I for one, happen to live after Adam Smith’s Wealth of the Nations, I am truly a scion of the development discourse that professes human development more than wealth creation, and this is alright as we all can begin where we are most well situated to begin. It is crucial though to know and have a basic premise that: “The real wealth of a nation is its people. And the purpose of development is to create an enabling environment for people to enjoy long, healthy, and creative lives. This simple but powerful truth is too often forgotten in the pursuit of material and financial wealth.”   Poverty in Africa is such a monstrous hydra that must be tackled from all landscapes, just about everywhere and every how, this is why the debate about the supremacy of science, as opposed to Arts studies, is to me a futile and unfounded one. With such absolute poverty around us, we all need to be wide awake and find limitless entry points to strategize against poverty from our innate wisdom and from all fields of academia.

It is true that in the end, we need money for just about anything, and for realizing development – So money matters, and we must avail resources for income generation, environmental protection, human rights advocacy, and such like. Our moot challenge will always be to accompany this economic development dimension with a lot more reflection, thinking through, a good level of skepticism, as well as the proclivity to jump out of the sinking boat when the time for such sinking ideas gives their appropriate diving signals.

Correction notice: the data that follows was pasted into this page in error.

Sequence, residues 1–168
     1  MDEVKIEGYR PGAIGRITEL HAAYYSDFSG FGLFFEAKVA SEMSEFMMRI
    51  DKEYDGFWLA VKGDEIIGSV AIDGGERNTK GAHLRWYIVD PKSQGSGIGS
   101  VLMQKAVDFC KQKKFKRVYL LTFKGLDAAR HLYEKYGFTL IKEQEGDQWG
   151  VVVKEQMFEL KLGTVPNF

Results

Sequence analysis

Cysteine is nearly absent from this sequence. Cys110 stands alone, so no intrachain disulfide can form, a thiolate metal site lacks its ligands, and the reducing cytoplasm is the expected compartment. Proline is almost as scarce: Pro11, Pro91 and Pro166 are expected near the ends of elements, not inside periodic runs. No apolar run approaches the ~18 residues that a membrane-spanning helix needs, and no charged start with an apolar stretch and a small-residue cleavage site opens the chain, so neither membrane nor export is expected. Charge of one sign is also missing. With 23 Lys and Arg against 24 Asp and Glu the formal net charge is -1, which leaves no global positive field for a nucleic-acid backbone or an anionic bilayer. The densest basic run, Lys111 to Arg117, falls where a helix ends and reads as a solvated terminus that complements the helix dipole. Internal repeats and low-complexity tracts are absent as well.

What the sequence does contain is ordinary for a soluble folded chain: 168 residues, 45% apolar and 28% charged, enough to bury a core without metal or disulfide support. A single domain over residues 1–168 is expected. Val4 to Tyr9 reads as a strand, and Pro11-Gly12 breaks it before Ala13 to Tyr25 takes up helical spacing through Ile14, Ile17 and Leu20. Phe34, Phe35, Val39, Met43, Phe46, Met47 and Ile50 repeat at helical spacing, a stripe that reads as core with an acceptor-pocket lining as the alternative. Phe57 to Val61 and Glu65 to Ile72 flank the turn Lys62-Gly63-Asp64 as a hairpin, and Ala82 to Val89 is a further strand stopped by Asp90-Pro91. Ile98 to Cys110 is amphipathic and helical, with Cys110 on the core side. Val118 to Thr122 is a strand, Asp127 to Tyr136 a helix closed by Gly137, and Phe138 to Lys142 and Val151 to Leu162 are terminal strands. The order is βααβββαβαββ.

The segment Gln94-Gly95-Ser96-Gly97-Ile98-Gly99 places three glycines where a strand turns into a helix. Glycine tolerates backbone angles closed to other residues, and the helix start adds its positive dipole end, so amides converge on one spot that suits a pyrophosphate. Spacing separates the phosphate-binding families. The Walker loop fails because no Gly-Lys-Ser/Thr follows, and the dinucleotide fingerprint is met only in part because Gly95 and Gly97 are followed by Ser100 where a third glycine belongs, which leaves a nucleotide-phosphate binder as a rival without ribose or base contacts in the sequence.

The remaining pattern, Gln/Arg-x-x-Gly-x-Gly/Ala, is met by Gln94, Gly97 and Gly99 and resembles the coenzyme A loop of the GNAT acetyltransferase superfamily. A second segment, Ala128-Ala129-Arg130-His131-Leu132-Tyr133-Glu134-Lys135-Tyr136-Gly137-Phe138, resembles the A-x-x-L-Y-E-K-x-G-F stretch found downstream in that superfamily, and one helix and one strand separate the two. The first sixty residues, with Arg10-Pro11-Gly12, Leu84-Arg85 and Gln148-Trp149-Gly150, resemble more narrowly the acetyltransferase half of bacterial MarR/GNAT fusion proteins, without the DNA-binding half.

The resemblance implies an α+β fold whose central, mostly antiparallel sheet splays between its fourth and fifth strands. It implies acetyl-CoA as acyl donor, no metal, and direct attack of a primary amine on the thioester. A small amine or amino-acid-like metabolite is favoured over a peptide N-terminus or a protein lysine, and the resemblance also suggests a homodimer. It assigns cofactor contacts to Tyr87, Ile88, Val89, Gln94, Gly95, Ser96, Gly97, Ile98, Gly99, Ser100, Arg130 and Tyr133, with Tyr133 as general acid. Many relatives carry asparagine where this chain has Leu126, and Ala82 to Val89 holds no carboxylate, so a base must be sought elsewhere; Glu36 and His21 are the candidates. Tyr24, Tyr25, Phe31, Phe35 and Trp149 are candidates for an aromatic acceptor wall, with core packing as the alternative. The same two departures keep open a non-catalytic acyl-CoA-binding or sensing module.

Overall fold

There are also such ideas we must bisect and pursue further, for instance, a visiting European friend observed that not until such time that we learn to conserve our wasted surplus food and eliminate the state of living from hand to mouth every single day, shall we set aside time to rationalize; reflect, analyse, predict, conjecture, and make any meaningful steps to development. Another observer posited that it is worthless distributing funds to desperately poor people, for how could you ensure this money is invested in the desired projects where dire issues like paying a child’s hospital bill, bailing a husband out of jail, sending a child back to school are on the other side of the scale? Note as many scholars say, that deprived people frequently exhibit “adaptive preferences,” preferences that have adjusted to their second-class status and it takes might to pull them out of this status. So, in one way, the right receivers of this financial help should be those at a fair distance above the absolute poverty line, who, like the wounded with slight injuries, are likely, with help, to substantially improve their situation. Then, we may pray for the trickle-down effect – or am I creating an even deeper problem?